In 2021, Venezuela's electricity consumption stood at roughly 311 watts per person, significantly below the global average of 412 watts per person. The majority of this electricity was generated from low-carbon sources. In fact, about 80% of the total, equivalent to 248 watts per person, came from low-carbon energy, with hydropower being the leading contributor at nearly 248 watts per person. Fossil energy, a significant contributor to carbon emissions, accounted for approximately 62 watts per person. Clean energy sources like wind and solar contributed relatively minor amounts, at 0.34 and 0.01 watts per person, respectively. This relatively low overall consumption compared to the global average could affect socio-economic development in the country since access to reliable electricity is crucial for industries, commercial businesses, and households. Despite these domestic consumption levels, Venezuela is a net exporter of electricity.
Having examined successful models in other countries, Venezuela can enhance its low-carbon electricity generation by tapping more into nuclear and wind power. For instance, Sweden and France generate high amounts of electricity from nuclear energy, at 559 and 526 watts per person respectively, showing its potential for high-capacity electricity generation. Given Venezuela’s tropical climate and vast coastlines, the country might also consider emulating successful wind power generations like Denmark, which produces almost 369 watts per person from wind. Other similar countries, like Uruguay with 160 watts per person generated from wind, present good models for clean energy growth.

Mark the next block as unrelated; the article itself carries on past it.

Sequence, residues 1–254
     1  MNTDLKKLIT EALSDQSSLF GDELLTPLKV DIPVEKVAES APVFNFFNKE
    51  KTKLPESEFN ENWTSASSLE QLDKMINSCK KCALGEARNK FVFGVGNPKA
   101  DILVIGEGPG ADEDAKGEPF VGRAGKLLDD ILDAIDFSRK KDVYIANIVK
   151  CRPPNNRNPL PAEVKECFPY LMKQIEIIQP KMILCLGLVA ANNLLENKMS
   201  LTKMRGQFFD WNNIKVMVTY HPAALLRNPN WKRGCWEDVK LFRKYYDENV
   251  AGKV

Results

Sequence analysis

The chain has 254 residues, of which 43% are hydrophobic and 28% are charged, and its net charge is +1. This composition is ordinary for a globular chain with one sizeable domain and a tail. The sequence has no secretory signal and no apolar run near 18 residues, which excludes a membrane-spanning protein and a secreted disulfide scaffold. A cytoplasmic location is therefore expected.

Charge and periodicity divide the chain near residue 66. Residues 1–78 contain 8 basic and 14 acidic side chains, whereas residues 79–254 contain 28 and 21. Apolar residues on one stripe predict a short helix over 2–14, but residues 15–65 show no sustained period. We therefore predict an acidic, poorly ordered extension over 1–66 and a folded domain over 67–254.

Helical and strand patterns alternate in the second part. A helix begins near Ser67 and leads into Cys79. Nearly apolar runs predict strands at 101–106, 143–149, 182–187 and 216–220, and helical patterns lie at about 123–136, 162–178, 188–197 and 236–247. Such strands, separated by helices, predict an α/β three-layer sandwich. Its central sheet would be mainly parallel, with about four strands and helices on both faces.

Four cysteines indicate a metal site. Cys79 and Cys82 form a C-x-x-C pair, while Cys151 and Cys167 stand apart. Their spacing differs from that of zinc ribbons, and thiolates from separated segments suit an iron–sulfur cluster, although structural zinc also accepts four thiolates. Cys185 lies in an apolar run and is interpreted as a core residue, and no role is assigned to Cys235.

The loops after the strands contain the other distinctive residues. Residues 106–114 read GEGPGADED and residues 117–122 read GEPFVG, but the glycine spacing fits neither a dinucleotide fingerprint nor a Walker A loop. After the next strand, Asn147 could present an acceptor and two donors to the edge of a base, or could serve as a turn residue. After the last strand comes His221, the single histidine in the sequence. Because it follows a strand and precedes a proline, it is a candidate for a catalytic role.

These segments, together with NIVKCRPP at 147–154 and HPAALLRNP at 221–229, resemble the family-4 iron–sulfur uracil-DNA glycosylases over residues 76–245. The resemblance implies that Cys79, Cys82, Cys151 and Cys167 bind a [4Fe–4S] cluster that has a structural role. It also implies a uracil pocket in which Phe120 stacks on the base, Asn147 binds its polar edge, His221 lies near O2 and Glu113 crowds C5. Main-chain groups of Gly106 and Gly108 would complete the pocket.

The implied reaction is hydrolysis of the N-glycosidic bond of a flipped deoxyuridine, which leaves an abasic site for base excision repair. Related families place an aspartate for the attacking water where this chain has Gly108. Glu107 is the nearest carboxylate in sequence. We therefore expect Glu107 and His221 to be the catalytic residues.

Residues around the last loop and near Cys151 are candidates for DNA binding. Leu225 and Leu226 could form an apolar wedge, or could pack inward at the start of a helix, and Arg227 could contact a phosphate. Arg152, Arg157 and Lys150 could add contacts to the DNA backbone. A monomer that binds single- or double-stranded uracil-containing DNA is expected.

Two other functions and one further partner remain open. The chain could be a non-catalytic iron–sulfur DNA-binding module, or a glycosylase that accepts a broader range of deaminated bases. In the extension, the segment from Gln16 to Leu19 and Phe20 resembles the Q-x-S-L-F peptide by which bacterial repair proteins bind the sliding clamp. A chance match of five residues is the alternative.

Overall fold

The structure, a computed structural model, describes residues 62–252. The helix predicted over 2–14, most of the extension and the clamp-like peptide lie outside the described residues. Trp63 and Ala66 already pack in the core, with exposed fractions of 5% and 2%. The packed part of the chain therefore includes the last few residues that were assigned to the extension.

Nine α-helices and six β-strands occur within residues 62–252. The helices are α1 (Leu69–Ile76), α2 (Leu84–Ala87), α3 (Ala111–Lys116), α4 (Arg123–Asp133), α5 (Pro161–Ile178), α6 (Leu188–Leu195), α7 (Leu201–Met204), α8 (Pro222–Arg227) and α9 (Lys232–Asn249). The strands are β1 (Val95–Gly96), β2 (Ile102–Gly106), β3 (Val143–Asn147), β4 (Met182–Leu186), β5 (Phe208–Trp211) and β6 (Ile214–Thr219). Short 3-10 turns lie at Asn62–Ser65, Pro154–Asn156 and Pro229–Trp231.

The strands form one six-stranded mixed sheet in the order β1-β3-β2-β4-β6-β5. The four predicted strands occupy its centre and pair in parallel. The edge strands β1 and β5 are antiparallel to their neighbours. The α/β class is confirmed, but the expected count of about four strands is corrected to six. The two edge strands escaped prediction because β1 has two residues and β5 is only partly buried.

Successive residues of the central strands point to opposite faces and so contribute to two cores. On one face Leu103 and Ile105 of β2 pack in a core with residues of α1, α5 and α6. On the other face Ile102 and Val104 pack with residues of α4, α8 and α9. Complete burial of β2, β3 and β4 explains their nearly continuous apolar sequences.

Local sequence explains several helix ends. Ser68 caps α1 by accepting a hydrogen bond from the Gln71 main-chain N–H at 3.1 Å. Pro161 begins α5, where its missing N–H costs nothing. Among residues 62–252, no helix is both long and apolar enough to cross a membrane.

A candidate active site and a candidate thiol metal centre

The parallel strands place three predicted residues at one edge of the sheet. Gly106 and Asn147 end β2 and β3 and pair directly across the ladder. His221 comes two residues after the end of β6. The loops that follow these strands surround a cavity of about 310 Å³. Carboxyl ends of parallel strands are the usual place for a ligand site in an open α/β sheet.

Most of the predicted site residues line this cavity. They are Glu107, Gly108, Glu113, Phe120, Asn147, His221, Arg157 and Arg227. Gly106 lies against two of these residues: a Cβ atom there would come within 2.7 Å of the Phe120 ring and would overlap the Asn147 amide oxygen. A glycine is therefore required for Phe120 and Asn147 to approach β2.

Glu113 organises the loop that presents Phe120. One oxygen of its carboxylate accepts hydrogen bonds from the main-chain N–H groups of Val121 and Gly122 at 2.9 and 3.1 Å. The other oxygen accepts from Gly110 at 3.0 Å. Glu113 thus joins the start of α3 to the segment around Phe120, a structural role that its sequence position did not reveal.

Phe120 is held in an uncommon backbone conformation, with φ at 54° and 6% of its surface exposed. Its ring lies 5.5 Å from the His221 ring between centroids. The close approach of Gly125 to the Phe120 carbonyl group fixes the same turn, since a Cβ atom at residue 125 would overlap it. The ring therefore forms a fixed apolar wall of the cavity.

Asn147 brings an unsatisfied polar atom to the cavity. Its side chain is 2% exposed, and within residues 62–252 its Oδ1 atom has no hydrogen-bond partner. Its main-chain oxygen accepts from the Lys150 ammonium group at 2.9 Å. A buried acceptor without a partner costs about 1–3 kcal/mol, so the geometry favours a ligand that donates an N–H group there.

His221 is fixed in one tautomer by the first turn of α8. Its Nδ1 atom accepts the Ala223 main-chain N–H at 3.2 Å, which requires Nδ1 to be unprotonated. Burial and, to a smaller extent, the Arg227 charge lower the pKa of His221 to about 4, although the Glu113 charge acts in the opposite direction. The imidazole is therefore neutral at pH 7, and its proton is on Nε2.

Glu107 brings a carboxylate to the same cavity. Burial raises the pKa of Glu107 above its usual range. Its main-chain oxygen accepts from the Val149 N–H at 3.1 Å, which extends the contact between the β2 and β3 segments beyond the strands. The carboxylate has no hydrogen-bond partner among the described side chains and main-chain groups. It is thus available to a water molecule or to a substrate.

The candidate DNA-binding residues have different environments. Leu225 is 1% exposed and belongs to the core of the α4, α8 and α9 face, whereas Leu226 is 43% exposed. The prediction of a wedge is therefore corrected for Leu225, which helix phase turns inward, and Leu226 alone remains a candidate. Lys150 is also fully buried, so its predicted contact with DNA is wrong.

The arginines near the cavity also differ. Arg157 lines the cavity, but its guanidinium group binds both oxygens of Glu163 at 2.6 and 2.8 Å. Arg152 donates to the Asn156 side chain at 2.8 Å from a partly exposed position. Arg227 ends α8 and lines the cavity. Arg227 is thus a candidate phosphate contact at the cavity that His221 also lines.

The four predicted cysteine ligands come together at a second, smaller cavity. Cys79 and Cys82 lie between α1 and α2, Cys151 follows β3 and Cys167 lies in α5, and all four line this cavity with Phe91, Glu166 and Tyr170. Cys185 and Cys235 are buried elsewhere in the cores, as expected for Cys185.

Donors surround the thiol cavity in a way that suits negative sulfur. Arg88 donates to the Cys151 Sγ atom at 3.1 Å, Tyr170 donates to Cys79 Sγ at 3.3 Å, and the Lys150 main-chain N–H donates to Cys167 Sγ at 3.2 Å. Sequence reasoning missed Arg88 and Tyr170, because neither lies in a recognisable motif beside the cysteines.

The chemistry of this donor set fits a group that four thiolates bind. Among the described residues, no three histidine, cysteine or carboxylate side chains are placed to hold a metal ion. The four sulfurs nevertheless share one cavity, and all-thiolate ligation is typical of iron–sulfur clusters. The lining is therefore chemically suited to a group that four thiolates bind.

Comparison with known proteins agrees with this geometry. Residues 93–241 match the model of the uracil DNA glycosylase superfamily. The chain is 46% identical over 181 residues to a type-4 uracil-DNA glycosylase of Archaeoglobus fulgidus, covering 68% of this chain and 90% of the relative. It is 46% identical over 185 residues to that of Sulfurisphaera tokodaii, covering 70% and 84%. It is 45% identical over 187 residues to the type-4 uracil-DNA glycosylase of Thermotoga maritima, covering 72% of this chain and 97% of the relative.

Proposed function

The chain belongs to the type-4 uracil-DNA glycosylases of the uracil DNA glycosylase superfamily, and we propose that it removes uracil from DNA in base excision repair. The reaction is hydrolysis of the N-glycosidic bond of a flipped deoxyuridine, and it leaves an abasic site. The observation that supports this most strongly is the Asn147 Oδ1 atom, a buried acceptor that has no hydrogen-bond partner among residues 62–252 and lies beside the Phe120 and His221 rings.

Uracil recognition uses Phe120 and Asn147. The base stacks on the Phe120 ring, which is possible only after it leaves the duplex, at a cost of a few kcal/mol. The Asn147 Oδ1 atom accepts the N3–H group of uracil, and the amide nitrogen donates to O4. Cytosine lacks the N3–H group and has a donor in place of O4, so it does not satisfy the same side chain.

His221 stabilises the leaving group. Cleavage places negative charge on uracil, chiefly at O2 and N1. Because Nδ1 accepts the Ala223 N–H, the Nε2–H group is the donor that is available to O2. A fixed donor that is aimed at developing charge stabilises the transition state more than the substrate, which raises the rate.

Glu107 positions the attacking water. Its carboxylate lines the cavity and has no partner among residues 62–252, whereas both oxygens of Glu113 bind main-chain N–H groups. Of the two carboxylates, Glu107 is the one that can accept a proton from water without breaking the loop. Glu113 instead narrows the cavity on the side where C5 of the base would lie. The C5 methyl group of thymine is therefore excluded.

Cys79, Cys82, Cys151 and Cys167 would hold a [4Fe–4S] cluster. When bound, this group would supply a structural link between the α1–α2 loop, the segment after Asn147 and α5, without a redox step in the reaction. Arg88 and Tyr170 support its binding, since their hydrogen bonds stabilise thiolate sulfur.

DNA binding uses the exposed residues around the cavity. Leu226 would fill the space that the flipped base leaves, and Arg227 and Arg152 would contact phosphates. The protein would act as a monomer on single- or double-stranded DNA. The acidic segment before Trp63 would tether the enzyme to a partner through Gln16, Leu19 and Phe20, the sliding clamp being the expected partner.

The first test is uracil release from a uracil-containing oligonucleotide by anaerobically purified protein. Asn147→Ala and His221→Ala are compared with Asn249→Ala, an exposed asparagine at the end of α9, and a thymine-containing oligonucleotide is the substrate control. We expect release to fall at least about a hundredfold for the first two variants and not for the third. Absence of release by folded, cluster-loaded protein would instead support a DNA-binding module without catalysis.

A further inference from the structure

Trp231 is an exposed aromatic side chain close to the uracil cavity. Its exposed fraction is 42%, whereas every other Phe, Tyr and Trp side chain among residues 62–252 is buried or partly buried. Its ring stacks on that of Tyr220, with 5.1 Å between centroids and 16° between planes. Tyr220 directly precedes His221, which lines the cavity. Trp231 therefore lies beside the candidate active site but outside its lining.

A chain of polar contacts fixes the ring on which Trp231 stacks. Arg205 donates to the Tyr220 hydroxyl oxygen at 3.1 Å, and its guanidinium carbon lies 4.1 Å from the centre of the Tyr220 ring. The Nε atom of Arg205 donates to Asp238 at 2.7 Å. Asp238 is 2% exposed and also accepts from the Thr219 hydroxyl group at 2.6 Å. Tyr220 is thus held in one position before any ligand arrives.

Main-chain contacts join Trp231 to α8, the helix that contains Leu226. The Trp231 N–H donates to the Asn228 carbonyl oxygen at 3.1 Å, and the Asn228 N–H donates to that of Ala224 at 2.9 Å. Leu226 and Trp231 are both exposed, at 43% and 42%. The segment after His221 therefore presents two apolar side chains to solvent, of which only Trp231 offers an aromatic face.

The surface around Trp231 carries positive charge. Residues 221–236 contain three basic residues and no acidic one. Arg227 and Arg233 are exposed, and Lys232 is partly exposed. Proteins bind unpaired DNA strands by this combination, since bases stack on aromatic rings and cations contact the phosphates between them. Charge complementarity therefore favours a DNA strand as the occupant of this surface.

Venezuela's history with low-carbon electricity is mainly tied to the use of hydroelectric power. Significant increases in hydroelectric generation were recorded consistently from the mid-1980s towards the end of the century, with the most notable surge of 9.5 TWh occurring in 2004. The new millennium, however, heralded a more volatile era for hydroelectric power in Venezuela. From 2010 onwards, the country experienced periods of decline in hydroelectric generation, with sharp falls of 19.3 TWh in 2014 and by 11.9 TWh in 2016 and 2018 respectively. Inspite of this, there were also years of considerable growth, such as the increase of 10.6 TWh in 2015 and a remarkable rebound with an increase of 11.6 TWh in 2020.